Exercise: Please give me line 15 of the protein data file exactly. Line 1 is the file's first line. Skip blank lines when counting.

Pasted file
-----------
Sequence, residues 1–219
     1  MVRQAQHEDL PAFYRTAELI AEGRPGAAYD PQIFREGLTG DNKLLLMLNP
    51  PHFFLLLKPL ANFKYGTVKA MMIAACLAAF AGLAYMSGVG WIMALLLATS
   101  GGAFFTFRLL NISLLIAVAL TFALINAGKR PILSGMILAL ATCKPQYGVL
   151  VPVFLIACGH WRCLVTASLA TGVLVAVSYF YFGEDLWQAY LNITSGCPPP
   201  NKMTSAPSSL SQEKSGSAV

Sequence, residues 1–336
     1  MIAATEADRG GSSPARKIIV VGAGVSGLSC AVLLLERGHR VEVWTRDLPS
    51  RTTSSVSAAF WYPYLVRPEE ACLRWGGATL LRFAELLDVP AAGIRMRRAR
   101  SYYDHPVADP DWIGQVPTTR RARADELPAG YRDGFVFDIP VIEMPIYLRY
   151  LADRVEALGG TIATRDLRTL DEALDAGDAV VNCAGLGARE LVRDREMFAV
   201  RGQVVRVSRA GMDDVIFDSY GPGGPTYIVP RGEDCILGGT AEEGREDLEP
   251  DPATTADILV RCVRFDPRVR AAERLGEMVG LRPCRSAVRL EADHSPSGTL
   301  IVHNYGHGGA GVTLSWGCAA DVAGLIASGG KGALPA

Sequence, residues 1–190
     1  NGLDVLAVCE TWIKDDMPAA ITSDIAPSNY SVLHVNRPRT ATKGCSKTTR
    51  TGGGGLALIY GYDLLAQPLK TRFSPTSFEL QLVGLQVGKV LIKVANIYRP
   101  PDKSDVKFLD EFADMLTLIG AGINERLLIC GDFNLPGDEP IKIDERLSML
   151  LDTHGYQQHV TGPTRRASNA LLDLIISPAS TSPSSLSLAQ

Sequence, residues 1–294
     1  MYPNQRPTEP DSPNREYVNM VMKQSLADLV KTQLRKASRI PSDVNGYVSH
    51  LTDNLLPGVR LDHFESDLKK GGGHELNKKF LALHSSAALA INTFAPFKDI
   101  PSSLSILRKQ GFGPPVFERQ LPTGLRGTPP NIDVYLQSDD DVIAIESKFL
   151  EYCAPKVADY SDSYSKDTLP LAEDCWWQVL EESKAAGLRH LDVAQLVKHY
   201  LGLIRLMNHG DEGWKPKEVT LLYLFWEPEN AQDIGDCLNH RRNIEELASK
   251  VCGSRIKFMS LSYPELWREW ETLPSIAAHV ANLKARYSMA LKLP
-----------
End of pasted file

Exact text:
Sequence, residues 1–190